by debbie lynn elias
After attending a packed screening filled with my colleagues and their children, and after being relayed messages of elation, exuberance and awe from my princely nephews Eddie and Tommy, there was absolutely no doubt in my mind (or that of my nephews) as to which movie I would be reviewing for you this week.
Originally conceived as a short story for the Saturday Evening Post in 1938 and later released as the 1940 classic, Lassie Come Home, the story was set in the British town of Yorkshire, focusing on a struggling family during the depression. Faced with famine, or, er, famine, the family was forced to sell their beloved dog. Tearful and joyous all at the same time, it wasn’t long before Lassie was hit on both sides of the pond before finding its way into the hands of MGM in 1943. The Lassie franchise (a franchise before there was such a thing in movies) spawned seven films between 1943 and 1953, most of which were set in the British Isles, centering on the trials and tribulations of WWII and the time honored traditions of love, courage, devotion, faithfulness and overcoming adversity, all thanks to the magic of this wonderful dog. From 1954 through 1971 Lassie took to the small screen with an original series set in rural American before finding her way into re-runs through 1974. Be it Britain or America, as long as there was Lassie, there was hope and heart. And now, some 32 years later, thanks to veteran writer/director Charles Sturridge, not only myself, but an entirely new generation of children and adults alike can experience the love and magic of the most beloved dog in the history of books, tv and cinema - LASSIE.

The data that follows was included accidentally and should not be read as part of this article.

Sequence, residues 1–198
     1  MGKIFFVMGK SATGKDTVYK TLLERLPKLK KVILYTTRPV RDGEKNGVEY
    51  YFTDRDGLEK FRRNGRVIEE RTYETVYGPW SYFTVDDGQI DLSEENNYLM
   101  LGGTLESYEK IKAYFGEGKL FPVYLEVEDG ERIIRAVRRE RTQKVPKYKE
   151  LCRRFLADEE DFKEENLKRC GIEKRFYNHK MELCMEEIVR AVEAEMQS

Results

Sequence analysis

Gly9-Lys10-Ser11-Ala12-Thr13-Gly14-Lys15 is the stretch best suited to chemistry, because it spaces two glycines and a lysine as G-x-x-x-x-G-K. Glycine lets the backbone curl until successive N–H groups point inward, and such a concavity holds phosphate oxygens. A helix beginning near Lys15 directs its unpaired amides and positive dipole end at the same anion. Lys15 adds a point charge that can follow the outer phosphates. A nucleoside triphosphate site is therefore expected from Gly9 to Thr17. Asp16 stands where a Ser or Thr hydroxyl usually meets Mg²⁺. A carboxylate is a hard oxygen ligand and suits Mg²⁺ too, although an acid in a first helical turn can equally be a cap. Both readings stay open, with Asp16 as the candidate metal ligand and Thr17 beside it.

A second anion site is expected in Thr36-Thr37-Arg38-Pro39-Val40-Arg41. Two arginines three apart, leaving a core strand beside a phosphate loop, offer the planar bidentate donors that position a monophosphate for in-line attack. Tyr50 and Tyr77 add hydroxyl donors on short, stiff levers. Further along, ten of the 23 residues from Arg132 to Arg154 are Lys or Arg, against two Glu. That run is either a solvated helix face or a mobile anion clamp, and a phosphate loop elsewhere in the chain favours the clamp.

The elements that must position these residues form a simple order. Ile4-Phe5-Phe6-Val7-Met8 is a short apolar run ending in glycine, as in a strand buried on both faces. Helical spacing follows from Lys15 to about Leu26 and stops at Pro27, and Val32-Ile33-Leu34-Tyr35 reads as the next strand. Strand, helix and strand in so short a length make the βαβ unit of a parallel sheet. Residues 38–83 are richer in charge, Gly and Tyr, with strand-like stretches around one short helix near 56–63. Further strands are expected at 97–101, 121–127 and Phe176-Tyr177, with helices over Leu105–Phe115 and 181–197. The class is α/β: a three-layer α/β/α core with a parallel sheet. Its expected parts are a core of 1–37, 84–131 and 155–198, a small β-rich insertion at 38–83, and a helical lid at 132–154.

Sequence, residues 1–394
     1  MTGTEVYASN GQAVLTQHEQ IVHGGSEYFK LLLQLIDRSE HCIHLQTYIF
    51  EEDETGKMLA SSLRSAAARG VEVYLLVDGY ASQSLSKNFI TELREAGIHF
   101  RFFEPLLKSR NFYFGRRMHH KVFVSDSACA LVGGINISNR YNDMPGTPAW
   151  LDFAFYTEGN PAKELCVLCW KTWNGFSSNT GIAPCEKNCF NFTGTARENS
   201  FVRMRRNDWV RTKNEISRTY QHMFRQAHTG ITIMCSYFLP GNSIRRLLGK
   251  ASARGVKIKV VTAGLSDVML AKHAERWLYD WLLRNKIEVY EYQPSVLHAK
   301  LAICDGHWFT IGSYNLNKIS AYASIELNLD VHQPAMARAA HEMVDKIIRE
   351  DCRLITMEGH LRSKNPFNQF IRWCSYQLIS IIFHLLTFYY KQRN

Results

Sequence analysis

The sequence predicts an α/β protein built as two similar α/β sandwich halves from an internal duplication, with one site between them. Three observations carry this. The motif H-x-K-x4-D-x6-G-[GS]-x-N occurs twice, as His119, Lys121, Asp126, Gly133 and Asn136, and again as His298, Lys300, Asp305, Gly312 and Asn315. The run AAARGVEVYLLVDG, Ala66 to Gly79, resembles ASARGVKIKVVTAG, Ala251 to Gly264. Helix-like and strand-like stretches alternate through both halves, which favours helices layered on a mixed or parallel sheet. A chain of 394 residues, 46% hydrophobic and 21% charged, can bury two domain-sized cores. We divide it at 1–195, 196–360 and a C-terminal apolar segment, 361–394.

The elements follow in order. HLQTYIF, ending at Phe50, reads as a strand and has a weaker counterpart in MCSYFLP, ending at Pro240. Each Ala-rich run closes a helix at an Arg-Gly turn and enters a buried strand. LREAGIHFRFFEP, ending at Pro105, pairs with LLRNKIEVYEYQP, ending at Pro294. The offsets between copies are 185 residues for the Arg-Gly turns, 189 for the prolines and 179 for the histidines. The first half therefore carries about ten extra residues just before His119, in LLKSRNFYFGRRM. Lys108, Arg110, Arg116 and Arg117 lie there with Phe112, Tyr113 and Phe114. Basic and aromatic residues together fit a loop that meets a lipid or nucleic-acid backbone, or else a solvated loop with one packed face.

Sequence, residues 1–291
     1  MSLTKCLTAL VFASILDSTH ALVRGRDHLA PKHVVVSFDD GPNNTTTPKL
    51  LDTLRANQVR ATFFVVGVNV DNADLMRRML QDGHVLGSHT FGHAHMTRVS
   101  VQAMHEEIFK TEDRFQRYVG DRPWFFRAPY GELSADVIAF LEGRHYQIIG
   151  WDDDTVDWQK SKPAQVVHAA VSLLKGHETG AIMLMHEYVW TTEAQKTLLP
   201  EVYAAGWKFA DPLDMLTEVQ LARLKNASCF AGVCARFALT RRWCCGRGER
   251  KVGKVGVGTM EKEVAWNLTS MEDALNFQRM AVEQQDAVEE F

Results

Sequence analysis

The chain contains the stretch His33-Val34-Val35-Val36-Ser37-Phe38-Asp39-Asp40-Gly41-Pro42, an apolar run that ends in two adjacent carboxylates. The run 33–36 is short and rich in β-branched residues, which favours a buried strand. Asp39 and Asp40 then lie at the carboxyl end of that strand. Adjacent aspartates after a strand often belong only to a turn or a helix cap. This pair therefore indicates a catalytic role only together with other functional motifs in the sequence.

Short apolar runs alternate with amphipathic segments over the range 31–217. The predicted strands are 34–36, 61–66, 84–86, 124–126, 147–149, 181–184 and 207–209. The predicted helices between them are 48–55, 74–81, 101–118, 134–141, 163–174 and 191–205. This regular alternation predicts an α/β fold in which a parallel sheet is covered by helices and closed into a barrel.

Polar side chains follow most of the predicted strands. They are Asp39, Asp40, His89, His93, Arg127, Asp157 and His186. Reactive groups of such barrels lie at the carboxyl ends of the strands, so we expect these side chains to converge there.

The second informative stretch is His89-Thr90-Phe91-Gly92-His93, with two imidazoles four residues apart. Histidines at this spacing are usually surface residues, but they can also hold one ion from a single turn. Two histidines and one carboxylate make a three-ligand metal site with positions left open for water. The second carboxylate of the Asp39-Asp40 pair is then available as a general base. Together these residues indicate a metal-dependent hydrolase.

Meet the Carraclough family - Sam, Sarah and 9 year old Joe. Living in rural Britain, WWII is on the horizon. The British economy is hard-pressed and coal miner Joe is having a hard time keeping food on the family table. Spending long hours away from home at the local coal mine, it’s a comfort to know his son has a friend - his collie Lassie. No matter how hard the times or how long the hours, there is always Lassie. A loyal and loving friend, companion and family member, her devotion and affection is unparalleled and can make the darkest dawn look bright as the sunniest day. Sadly, Sam soon gets word that the coal mine is closing because of the impending war. Unable to scrape together enough money to put any more food on the table, a decision has to be made.